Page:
The COVID-19 pandemic has left gutters, sidewalks and streets littered with disposable gloves, face masks and disinfectant wipes.
What's the proper way to dispose of this coronavirus trash? The sanitation departments of the city and county of Los Angeles have both launched social media campaigns to advise the public and businesses on what to do with these items.
In addition, frontline employees are being provided with extra protective gear -- face shields, hazmat suits and, yes, gloves -- to handle this possibly contaminated trash, said Heather Johnson with the City of Los Angeles Bureau of Sanitation.
Here is some advice and guidance:
Keep It Clean: Like any form of trash or litter, don't toss it on the street, sidewalk or parkways. That exposes the public and sanitation workers to possibly contaminated items. Throw in a trash container.
Trash It: Throw those gloves, facemasks and wipes into the black trash bin (NOT the blue recycling or green waste bins) provided by the city for trash pick up. Businesses are being encouraged to add additional trash bins. Meanwhile, county sanitation officials recommend that you keep a container in your car to temporarily store those items before dumping them in a trash can.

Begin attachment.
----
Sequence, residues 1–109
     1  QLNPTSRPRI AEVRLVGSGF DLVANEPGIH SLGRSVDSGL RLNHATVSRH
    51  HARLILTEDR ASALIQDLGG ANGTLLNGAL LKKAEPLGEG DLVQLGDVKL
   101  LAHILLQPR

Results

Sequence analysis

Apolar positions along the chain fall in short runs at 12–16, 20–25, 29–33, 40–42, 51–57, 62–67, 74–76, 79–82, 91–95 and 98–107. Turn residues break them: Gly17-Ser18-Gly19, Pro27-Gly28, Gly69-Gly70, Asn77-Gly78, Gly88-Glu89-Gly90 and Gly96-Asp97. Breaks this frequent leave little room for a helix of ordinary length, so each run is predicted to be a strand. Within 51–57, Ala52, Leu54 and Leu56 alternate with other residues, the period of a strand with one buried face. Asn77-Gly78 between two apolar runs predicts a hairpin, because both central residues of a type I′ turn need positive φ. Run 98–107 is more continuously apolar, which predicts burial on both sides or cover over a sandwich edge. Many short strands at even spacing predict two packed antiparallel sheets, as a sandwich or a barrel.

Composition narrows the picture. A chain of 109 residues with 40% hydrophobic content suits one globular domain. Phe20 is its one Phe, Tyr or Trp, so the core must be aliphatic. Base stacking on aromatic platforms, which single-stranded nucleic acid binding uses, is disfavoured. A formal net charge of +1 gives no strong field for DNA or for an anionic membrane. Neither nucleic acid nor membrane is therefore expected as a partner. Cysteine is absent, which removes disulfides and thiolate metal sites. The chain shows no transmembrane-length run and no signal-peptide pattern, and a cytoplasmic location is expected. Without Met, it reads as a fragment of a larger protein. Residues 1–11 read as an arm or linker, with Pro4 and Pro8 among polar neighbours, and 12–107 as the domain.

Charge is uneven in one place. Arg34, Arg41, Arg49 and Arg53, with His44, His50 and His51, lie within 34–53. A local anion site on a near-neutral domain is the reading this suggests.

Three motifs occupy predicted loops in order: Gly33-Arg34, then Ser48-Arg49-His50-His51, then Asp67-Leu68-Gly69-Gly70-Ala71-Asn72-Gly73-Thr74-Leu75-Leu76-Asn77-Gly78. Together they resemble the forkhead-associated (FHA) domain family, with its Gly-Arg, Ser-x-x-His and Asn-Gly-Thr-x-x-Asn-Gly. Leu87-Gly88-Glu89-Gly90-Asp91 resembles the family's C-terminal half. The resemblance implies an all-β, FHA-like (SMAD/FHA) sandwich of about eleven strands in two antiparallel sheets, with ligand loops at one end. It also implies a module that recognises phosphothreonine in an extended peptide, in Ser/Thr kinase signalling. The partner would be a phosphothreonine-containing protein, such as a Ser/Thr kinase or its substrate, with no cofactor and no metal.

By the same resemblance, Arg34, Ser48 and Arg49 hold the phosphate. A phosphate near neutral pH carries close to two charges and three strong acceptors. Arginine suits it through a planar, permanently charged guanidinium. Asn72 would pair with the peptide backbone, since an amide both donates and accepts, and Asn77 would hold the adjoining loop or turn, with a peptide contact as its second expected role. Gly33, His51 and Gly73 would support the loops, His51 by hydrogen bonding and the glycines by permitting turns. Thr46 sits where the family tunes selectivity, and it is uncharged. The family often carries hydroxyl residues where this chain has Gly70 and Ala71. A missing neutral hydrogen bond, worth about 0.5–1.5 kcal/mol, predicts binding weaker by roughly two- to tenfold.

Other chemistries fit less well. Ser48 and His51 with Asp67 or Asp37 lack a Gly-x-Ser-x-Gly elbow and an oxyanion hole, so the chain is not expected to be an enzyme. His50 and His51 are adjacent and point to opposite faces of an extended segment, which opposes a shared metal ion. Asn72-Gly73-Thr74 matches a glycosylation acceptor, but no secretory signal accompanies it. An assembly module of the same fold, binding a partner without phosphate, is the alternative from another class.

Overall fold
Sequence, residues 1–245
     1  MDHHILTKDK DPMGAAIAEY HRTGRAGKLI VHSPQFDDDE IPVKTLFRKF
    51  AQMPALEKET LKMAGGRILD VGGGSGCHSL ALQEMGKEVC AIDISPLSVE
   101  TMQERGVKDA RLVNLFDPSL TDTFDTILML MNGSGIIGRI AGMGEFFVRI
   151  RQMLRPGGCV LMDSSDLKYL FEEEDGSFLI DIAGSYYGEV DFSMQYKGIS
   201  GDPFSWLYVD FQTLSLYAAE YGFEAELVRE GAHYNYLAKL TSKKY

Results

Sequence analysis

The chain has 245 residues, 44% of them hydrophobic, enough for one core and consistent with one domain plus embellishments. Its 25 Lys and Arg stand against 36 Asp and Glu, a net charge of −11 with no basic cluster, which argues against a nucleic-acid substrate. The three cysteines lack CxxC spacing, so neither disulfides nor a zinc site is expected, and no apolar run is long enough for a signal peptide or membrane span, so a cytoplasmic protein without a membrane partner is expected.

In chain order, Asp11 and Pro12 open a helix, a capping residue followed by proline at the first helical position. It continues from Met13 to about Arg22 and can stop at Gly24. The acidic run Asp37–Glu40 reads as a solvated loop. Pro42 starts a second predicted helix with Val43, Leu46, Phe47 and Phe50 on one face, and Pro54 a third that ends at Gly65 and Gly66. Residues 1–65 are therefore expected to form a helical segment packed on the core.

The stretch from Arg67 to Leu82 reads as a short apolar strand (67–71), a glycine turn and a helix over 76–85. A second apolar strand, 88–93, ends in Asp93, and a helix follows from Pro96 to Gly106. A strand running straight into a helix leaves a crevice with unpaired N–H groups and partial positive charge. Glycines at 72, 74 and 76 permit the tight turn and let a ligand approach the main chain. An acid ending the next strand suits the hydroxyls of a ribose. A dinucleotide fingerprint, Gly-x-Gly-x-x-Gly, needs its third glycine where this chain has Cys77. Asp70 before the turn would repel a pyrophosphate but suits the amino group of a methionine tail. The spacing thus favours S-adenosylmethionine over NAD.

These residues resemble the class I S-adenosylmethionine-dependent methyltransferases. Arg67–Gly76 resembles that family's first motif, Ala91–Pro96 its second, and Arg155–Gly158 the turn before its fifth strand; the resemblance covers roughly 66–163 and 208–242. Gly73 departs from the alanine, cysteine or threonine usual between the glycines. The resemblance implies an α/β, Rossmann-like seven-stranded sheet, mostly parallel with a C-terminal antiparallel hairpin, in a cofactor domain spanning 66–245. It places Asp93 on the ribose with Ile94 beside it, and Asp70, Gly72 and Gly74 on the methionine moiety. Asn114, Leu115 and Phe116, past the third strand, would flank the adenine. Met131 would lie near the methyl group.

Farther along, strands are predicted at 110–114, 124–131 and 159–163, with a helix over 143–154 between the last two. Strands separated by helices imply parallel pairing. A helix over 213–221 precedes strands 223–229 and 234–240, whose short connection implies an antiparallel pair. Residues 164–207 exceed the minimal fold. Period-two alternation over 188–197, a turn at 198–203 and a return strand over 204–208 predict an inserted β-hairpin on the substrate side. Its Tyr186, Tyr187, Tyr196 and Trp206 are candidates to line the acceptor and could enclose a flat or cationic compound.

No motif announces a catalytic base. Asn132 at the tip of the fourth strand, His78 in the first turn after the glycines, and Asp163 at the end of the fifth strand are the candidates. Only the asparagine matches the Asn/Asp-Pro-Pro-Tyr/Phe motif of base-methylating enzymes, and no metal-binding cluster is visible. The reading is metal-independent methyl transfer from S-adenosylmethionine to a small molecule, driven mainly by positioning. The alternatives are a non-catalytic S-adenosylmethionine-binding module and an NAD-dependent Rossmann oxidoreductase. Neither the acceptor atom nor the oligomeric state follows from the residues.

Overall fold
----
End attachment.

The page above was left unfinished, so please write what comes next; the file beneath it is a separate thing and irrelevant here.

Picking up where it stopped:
Gloves, masks and other litter are harmful to our environment. 🌎 It's a health and safety issue too! Do your part to keep our environment healthy and clean! Dispose of trash properly. 🚮 #CleanLA pic.twitter.com/ekp5GJPnyu— Clean LA (@CleanLA) April 28, 2020
Contaminated Trash: Any garbage you think may have been exposed to COVID-19 should also be disposed of in the black trash bin -- but it should be inside TWO plastic bags tied closed with a knot. Wash your hands after tossing the bag in the trash bin.
Don't Flush Wipes: The wipes are notorious for causing blockages and sewage spills at treatment plants. The wipes -- even those described as "sewer safe" -- should be disposed of in the black bin. "No wipes down the pipes!" is a common refrain in sanitation public service messages.
Clean Your Trash Cans: You should probably take the extra step of cleaning the lid and handles of your city-issued trash bins (or any trash can). The coronavirus can survive on hard surfaces for hours and even days in some cases. That applies to those those plastic trash bins, which are accessible to passersby when left out for pick up. The city sanitation bureau says to wear gloves while you use a disinfectant to keep those cans clean.